View RSS Feed

durham-newbie

Second trip

Rate this Entry
I recently went on my second fishing trip, back to the same pond. I don't want to over complicate things by fishing different waters. I think it's important to learn the basics and that will be made so much easier by getting comfortable on the same pond.

It's sad to say that my local tackle shop is closing down, and it means I'm going to have to drive 20 minutes just to pick up a pint of maggots. However, I did pick up a new rod and a few other bits at half-price. The rod was a travel avon quiver - it has good reviews online, and I gather I can use it for feeder or float fishing alike, due to the interchangeable tips. Being a member of the club that Jeremy Clarkson hates, I bought it with the view that it would be brilliant to leave in the caravan for a little holiday fishing.

Armed with my new rod to try out and a couple of different feeders, I arrived at the lake ready to conquer the world of feeder fishing. I opted for the lightest quiver, a 1.5oz tip I believe. I've yet to put new line on my secondhand reels but I picked the real that I guessed, rightly or wrongly, had around 5lb line on it. Not having far to cast, I picked up my new 20g method feeder and installed it to the setup, using a 4" hooklength with pellet band.

The feeder wasn't staying put. After sinking the line I tried to put a slight bend in the tip for bite indications, but no matter how gently I tightened the line the feeder seemed to come with it. I remember reading something that one of the pros wrote, that they'd never use anything less than a 30g feeder. Something to do with a 20g rolling down a slope. I was trying to fish to an island so I thought that was what must have been happening to me and duly changed to a 30g feeder.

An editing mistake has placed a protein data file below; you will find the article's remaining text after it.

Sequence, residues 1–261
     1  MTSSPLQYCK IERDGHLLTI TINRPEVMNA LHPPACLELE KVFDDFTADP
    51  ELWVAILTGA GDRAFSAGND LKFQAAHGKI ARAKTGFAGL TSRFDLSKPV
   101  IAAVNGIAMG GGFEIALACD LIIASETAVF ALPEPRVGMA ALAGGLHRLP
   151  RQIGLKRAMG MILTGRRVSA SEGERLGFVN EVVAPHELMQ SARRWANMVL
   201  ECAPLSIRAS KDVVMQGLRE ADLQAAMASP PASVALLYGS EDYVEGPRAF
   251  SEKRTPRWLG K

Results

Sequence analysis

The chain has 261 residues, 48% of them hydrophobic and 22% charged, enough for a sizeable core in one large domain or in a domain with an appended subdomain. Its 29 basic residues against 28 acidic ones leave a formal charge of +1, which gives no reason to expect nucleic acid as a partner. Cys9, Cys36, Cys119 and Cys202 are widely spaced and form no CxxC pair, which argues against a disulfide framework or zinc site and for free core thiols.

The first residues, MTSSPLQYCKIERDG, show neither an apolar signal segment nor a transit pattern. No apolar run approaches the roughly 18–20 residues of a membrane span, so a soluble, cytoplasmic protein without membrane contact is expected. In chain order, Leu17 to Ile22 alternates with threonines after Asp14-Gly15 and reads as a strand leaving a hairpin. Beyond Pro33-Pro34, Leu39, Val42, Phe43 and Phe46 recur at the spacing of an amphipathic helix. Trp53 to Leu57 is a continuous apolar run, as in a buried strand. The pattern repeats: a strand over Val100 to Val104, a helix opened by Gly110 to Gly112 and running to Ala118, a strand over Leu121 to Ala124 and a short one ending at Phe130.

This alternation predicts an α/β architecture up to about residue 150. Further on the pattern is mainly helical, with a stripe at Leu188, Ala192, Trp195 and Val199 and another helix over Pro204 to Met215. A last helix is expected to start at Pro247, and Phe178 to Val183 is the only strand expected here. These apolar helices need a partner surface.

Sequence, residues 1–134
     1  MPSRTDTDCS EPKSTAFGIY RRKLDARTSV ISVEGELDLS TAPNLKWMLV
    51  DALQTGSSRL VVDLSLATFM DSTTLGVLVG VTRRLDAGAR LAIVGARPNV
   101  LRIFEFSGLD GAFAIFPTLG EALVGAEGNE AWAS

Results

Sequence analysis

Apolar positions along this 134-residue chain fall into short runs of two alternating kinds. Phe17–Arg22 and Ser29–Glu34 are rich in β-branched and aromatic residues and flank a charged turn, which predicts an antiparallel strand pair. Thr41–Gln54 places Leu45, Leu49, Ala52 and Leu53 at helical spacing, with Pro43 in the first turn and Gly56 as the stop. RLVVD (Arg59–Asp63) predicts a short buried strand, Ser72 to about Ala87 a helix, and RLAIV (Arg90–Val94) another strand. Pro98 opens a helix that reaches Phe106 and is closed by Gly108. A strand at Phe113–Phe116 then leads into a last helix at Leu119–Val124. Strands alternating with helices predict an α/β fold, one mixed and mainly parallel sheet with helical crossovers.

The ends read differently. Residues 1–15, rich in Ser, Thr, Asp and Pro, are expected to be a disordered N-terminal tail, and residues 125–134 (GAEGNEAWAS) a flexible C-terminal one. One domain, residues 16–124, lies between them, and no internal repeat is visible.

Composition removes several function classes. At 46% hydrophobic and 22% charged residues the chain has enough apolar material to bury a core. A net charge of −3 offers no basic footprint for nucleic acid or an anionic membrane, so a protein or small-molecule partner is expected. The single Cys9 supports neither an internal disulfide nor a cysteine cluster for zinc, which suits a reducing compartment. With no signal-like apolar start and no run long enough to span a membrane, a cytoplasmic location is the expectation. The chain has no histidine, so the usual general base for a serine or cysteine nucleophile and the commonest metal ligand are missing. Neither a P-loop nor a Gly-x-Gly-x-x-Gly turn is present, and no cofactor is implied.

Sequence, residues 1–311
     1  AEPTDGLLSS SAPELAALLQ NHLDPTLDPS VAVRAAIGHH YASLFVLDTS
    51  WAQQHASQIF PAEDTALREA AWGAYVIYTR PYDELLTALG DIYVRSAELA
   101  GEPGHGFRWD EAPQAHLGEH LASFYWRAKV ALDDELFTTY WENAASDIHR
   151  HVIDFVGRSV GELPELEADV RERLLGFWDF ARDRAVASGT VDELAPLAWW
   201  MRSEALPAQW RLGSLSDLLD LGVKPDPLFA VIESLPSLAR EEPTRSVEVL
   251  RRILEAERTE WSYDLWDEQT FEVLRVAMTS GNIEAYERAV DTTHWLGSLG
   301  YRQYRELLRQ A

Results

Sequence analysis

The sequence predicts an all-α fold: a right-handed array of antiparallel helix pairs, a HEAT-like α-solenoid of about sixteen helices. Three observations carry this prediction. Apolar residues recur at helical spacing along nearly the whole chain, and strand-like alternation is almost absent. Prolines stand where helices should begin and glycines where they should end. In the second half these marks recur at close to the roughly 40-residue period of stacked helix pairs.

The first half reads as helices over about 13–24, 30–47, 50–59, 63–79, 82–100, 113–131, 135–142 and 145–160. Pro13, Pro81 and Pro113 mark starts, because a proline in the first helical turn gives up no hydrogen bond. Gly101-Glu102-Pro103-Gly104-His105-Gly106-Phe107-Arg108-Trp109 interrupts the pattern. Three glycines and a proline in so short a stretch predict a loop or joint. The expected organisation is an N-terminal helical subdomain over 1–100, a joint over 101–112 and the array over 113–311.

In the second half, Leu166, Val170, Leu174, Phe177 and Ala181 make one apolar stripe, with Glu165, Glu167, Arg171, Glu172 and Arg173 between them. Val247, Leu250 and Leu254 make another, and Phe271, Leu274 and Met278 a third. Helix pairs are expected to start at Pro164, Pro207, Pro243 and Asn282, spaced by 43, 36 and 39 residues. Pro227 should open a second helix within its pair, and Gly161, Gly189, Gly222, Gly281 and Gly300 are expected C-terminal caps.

Perfect, except there's a sort of grinding feeling when the feeder is out the water and being reeled in. I think that maybe the quiver was too light for my now heavy casting weight, but I couldn't be bothered to dismantle it all to find out. I'll plod on. Another problem was apparent though - my pellets weren't sticking to the method feeder all the way to the bottom. Too dry, I think, so I put a bit more water in them. Damn! Too wet now, it's coming off on the cast. I'll try once more..... bloody hell, that was a long cast, the feeder went all the way to the other side of the pond, but I didn't do anything differently. Why is the line slack? Oh, I guess my new method feeder is sitting on the bottom of a pond now.

Not knowing what to do, I got the whip out. I didn't have another 30g method feeder, and the 20g was useless. I hadn't been on the pond for an hour and the session was already coming to a depressing close. I looked through the tackle box for something to continue on with, not wanting to revert to the float. Hmmm, can I use a maggot feeder with pellets. No, probably not. I wish my Guru hybrid was delivered on time. Oh look, that new pellet feeder you forgot about!

I started setting up the rod again, this time with a 28g Guru Pellet feeder. Ideal, I thought. Weighty enough to sit on the bottom, but protected enough to get my poorly mixed pellets to the bottom. I spent the rest of the day fishing the pellet feeder. I casted somewhere new each time in the end, because I'd read that when the fish aren't biting it's okay to have a bit of a search for them.

Unfortunately nothing came. I had a good few liners and once my rod went round with a decent bite, but one was in the bushes relieving oneself. Typical.

I still had a great time though, and learned a lot. There were two seasoned pond goers fishing too - one only got a couple, and the other got nothing, so I didn't feel too bad about drawing a blank.

The only issue is, under the weight of the 28g Guru I was still feeling a grinding when the feeder was hanging out the water. I need to look in to that for the next time.

Until then, smelly nets.
Tags: None Add / Edit Tags
Categories
Fishing Diaries

Comments